Again you talk utter bollocks. there are no “most vile and discriminatory sharia courts”. By saying that you are saying that some aren’t vile and discriminatory. That is wrong – they all are. And again ” I will happily condemn Beth Din courts” But you didn’t though did you – why have you written an article solely about Sharia courts with no mention of Beth Din.

    The people whop practice Beth Din are just as vile and discrimnatory and unacceptable as the people that practice Sharia. Theere is no difference and both should be made a criminal offence in this country and both should be condemned in the same breath and in the same article. Exactly the same as Dharma and other religious pretend legal bodies.

  12. “Yeah, yeah, atheists commit mass murder too, but they don’t do it in the name of atheism“? Yes, they do.

    Who does McKenzie think founded the Labour Party, and why does he think that they did so?

  13. Tafia says:

    Britain would not now be the relatively benign thing it is, staying out of our lives, oppressing gays, oppressing women, demonising non believers, persecuting blasphemers.

    Rubbish. Why do you think Northern Ireland has different marriage laws and different abortion laws to the rest of the UK. And look at the state of Northern Ireland anyway – the violence might be largely died down but the secularism is very much in evidence. Then there’s faith schools in the UK in general, nativity plays at Xmas, citing God in State official ceremonies, the fact the head of State is the Monarch and the Monarch is also the head of the Church of England (which is also the UKs official state religion). Trading restrictions on Christmas and Easter mottos such a Dieu et mon driot, the churches legal status and exemption form things, prayers before council meetings, state symbology and even down to the the latest bollocks of muslim care home staff at one location in Bradford refusing to give their charges bacon butties because they themselves don’t touch pork or pork products (should have been sacked on the spot).

    We are not secular. We aren’t even mostly secular until all trappings, symbols and allowances of religion – aggresive and benign, are removed from the state apparatus from top to bottom and no allowance is made for religion at all in laws or any other day-to-day life and no overtly religious clothing or jewellry (including crucifixes, St Christopher’s etc) is worn openly in public.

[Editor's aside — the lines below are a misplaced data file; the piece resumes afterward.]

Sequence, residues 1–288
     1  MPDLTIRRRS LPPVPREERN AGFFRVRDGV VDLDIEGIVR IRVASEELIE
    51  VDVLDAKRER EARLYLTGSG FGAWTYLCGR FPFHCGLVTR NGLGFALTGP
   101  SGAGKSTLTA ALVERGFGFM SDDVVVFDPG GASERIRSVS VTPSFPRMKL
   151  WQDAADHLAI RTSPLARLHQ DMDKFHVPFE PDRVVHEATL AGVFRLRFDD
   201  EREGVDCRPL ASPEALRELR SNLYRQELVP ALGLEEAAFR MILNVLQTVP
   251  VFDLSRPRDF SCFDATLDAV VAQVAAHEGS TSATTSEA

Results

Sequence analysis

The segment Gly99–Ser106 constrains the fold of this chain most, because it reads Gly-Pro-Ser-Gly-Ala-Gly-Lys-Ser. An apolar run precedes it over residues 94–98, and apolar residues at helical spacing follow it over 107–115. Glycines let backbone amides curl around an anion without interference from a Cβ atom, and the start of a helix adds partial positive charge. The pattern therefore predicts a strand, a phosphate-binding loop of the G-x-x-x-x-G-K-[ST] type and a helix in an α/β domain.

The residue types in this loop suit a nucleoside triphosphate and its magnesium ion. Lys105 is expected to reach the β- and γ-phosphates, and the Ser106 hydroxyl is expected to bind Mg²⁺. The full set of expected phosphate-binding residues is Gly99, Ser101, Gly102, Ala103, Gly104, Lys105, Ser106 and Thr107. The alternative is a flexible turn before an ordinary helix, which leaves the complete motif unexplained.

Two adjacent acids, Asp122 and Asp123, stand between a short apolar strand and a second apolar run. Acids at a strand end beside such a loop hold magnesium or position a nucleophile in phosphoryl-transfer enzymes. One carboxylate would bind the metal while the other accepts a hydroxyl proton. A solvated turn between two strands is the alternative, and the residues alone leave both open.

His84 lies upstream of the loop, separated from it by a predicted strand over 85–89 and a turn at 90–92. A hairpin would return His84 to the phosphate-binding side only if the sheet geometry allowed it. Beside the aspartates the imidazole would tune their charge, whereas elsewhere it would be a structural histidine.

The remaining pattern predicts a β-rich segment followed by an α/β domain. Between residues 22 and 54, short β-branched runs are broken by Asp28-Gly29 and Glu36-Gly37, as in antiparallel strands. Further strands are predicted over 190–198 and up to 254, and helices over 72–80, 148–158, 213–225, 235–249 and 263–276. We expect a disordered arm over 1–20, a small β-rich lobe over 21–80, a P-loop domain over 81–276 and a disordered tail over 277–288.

14. Tafia says:

    Typo:- but the secularism is very much in evidence.

    should be but the secterianism is very much in evidence.

  15. Ydoethur says:

    Atheists don’t do it [mass murder] in the name of atheism.

    I stopped reading at that point. This author either knows that is not true, or is so ignorant their opinions would not be worth reading anyway.

    This line is very popular among proponents of secularism/atheism/anti-clericalism, but its roots can be traced to Dawkins’ The God Delusion, an anti-religious polemic infamous for its sloppy research and dogmatic approach, based on earlier work by the far-right journalist Christopher Hitchens. The claim, for example, that there is ‘no evidence’ Stalin’s atheism had a bearing on his conduct in office appears to be based upon ignorance of the activities of the League of Militant Godless. Rather typically, this author overlooks as well the strongly anti-clerical nature of the Cultural Revolution, although as few people in the West know much about that and there were other ideological currents flowing at the time which makes it difficult for those who have a passing acquaintance with the subject to understand it.

    Is this an argument against atheism? No,because actually it is irrelevant to the truth or falsity of atheism, as it is for any religious position. That should be argued on facts, not actions. To pretend otherwise is intellectually sloppy, at best, and is typical of the lazy moral superiority of the evangelical secularist movement in this country. A moral superiority that is richly ironic when you remember that despite the frantic denials of amateur philosophers like Dawkins, Hitchens, Dennett, Carrier and this one, atheism has undoubtedly caused more death and suffering than all religions put together despite its comparatively short intellectual life.

  16. Tafia says:

    Ydoethur – I have been in the Police, the Armed Forces, local government. I’ve even had my own business and employed over a dozen people.

    I have read some pointless garbage in my life – mainly from the state sector it must be admitted , but your little contribution takes some beating.

  17. Andrew Old says:

    What it must feel like to believe that most of the human race, including some of the greatest philosophers and best regarded logicians, are irrational and you aren’t.

    What it must feel like to repeat a slogan like “atheists commit mass murder too, but they don’t do it in the name of atheism” without the obvious counter-examples springing to kind.

    What it must be like to believe that the failings of religious extremists are ones that only the religious can fall prey to.

    Actually, I can imagine what it must be like. It must be pretty much like holding to any extreme belief without doubt, humility or thought. And there’s an irony in that.